Memorial day means that we remember our fallen soldiers, but a simple ‘Thanks’ is not always enough. This article from USA Today that explains some extra things we can do to help our current veterans.
Ask questions and listen to the answers. I wish I’d done that with my friend before his suicide.
As a kid, I’d sneak into my dad’s closet to look at hisMameluke sword and Ka-Bar knife. I was fascinated by the brains-over-brawn message of the Marine recruiting poster he hung in our garage — a Trojan horse with the slogan, “Superior Thinking Has Always Overwhelmed Superior Force.” Years later, I spent a college semester in Spain while I considered attending law school upon graduation. On my second day of class, I went jogging through the narrow streets of Seville, where I lived in a small apartment with my host family. I arrived home to find the grandmother glued to CNN en Espanol. There was a building on fire somewhere. As I looked more closely, I recognized the Twin Towers.
I returned to Austin just before Christmas and spent the holidays with my family before visiting the campus recruiter and volunteering for Officer Candidate School. By 2006, I was on my second deployment to Iraq, as a first lieutenant on a small team of Marines providing logistics support — bullets, beans and Band-Aids — for an infantry battalion nicknamed the “First of the First.” On the nightly resupply convoys we referred to as the “Combat Train,” our team delivered ammo, medical supplies, hot meals, mail and cigarettes to the brave grunts doing the fighting.
These days, I don’t wake up as early, shave as often or worry as much. I’ve traded in my rifle and utilities for a laptop and business suit and, as a corporate PR professional, I help companies navigate complex financial situations. When one of my clients merges with another company, I counsel them to begin the process of integrating the two sides’ operations and cultures by asking a few fundamental questions: How is the other company different? What are their concerns about being part of a new organization? How can we help? Only by first understanding their counterparts’ perspectives can they design a road map for joint success. Sounds simple, right?
We can actually use these same questions to help veterans of the wars in Iraq and Afghanistan reintegrate into our cities and communities: What have they been through? What are their concerns about transitioning back to civilian life? How can I help? We rightly focus on welcoming them back into our world, but are we doing enough to understand theirs?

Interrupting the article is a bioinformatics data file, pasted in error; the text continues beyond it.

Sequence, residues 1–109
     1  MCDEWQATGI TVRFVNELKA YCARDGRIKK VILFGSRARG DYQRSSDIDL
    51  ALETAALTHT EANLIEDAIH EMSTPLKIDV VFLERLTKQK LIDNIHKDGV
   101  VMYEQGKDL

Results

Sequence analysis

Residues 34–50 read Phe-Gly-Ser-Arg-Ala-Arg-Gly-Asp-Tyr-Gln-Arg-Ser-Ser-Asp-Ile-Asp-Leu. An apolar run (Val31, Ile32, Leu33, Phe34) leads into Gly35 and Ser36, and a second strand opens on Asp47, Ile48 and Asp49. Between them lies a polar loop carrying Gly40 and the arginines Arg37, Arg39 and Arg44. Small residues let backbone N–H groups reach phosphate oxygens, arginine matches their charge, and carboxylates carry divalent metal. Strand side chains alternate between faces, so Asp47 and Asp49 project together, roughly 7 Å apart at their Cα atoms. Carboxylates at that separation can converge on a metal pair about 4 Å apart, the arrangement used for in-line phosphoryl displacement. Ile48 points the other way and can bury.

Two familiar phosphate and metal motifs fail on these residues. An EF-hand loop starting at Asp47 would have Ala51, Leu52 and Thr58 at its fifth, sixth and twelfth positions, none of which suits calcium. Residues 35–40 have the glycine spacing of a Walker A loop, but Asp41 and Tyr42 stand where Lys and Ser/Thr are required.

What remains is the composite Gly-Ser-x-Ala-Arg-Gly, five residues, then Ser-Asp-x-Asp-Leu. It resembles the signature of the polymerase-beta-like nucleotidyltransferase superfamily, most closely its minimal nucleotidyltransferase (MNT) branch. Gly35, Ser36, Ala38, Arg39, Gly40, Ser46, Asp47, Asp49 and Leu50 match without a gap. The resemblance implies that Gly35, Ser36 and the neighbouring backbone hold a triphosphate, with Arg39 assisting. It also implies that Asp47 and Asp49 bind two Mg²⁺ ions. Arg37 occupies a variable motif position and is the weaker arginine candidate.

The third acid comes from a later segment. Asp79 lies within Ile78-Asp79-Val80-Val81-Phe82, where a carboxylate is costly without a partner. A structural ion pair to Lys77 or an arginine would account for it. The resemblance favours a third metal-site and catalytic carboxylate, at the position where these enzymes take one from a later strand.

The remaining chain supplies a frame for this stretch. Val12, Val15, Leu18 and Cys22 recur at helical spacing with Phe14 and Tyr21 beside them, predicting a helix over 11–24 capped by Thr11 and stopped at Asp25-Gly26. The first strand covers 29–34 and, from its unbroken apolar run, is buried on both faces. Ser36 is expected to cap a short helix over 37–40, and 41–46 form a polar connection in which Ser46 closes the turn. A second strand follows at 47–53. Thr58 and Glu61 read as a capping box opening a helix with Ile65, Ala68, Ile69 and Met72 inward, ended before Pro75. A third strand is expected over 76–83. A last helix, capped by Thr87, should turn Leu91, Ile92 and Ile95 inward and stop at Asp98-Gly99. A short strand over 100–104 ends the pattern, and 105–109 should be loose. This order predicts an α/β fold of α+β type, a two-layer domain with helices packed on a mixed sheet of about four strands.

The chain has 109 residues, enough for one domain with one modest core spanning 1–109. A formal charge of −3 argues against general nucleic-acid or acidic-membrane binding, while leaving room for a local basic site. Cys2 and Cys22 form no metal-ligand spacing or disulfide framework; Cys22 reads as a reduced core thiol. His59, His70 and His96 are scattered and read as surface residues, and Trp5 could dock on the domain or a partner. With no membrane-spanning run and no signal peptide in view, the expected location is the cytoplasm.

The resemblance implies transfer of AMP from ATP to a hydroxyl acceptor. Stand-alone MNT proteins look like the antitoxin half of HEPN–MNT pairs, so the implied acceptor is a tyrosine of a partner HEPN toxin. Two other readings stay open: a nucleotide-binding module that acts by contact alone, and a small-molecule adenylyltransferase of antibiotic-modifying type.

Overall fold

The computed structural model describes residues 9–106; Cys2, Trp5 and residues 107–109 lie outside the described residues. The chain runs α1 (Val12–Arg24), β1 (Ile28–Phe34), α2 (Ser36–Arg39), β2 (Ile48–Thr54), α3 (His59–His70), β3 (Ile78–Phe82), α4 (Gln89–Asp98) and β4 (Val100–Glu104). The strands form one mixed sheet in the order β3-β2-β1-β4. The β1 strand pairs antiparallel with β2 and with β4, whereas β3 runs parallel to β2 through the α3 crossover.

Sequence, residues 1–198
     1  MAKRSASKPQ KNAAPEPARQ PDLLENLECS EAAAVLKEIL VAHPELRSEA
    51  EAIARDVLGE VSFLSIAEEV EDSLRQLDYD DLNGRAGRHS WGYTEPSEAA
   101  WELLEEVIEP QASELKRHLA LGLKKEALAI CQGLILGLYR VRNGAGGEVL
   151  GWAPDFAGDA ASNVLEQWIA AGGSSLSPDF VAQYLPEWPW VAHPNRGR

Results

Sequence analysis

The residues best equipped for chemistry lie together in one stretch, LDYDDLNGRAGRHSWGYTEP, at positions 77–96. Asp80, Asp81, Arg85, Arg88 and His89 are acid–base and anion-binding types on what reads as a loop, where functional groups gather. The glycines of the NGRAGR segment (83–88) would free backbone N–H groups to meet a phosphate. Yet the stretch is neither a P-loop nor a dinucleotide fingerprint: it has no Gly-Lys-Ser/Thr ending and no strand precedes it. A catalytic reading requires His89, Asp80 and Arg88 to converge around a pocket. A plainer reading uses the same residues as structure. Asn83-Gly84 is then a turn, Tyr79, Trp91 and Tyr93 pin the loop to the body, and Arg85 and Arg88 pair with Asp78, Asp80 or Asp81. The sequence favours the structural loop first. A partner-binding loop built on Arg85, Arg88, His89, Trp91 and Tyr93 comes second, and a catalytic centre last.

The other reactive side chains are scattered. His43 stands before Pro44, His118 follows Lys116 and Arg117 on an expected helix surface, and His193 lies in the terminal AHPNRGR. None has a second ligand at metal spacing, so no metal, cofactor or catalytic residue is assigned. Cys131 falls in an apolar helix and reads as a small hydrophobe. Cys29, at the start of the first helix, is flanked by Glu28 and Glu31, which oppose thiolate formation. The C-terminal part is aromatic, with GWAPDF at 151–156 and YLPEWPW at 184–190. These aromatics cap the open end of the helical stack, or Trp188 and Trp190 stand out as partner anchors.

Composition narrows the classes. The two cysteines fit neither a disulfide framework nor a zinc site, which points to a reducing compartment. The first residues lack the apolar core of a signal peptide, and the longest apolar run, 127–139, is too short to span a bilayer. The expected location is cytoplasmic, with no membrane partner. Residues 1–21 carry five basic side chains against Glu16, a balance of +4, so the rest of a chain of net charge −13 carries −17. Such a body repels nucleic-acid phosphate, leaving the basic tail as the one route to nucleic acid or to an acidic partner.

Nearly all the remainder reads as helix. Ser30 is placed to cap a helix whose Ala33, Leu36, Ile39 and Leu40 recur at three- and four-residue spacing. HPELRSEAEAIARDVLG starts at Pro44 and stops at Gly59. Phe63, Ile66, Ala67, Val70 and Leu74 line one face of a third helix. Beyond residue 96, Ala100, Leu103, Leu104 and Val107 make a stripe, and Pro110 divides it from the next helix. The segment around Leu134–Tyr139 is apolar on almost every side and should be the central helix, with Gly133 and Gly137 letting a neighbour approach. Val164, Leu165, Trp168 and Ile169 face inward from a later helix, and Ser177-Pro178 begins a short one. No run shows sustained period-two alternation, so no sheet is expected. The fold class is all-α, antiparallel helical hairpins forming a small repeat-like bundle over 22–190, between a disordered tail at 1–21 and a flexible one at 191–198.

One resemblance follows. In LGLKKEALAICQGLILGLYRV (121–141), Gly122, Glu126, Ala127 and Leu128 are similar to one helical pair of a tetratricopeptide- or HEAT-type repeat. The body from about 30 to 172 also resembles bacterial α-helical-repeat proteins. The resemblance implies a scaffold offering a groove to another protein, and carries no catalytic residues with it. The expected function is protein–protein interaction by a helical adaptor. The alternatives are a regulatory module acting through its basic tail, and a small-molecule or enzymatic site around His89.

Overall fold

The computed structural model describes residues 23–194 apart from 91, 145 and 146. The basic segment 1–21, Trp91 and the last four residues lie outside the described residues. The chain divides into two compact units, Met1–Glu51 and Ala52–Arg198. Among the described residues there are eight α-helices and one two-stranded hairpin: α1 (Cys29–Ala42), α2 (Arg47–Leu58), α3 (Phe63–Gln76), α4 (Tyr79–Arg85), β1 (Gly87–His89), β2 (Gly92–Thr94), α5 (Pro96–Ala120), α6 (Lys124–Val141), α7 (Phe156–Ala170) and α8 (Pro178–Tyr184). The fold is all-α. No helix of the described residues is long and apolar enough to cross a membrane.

At any given time since 9/11, less than 1% of the country has served on active duty — the smallest percentage since the isolationist years between World War I and World War II. Unlike the latter, when the entire country mobilized, or the Vietnam War, when the draft reached across American households and made the war a personal affair, today most Americans can’t relate. They don’t know what to say, so they don’t say anything other than perhaps a “thank you.”
My friend Sean took his own life three years ago after struggling with post-traumatic stress disorder. He hadn’t been wounded, not physically. Whip-smart, charismatic and funny, Sean was enrolled in graduate school and seemed to those of us who had lost touch to be doing fine. I think a lot about what, for me, were the halcyon days and months we spent in California after coming home from Iraq. I remember him laughing as we sped along a winding road in his new sports car. Looking back, I wonder whether that car and that drive were just two of the many distractions he sought from what was bothering him. I wish I had asked him if he was OK.
If you meet any veterans on the street, in a restaurant or at an airport, buy them a beer and start a conversation. An act as simple as lending a sympathetic ear for 30 minutes might give them an outlet they didn’t know they had. Thank them for their service, but do more than that. If you don’t know what to say, remember this: They probably don’t, either. Ask them where they served, and what they liked and didn’t like about the military. Ask them about their transition to civilian life, what they need and how you can help. Then sit back and listen. What you hear might surprise you.
About 2.7 million veterans have served in Iraq and Afghanistan, sometimes repeatedly. At least 970,000 have a recognized physical or psychological disability, and others have hidden scars.
We’re still at war, but this time the enemy is silence, and we can’t win without your help.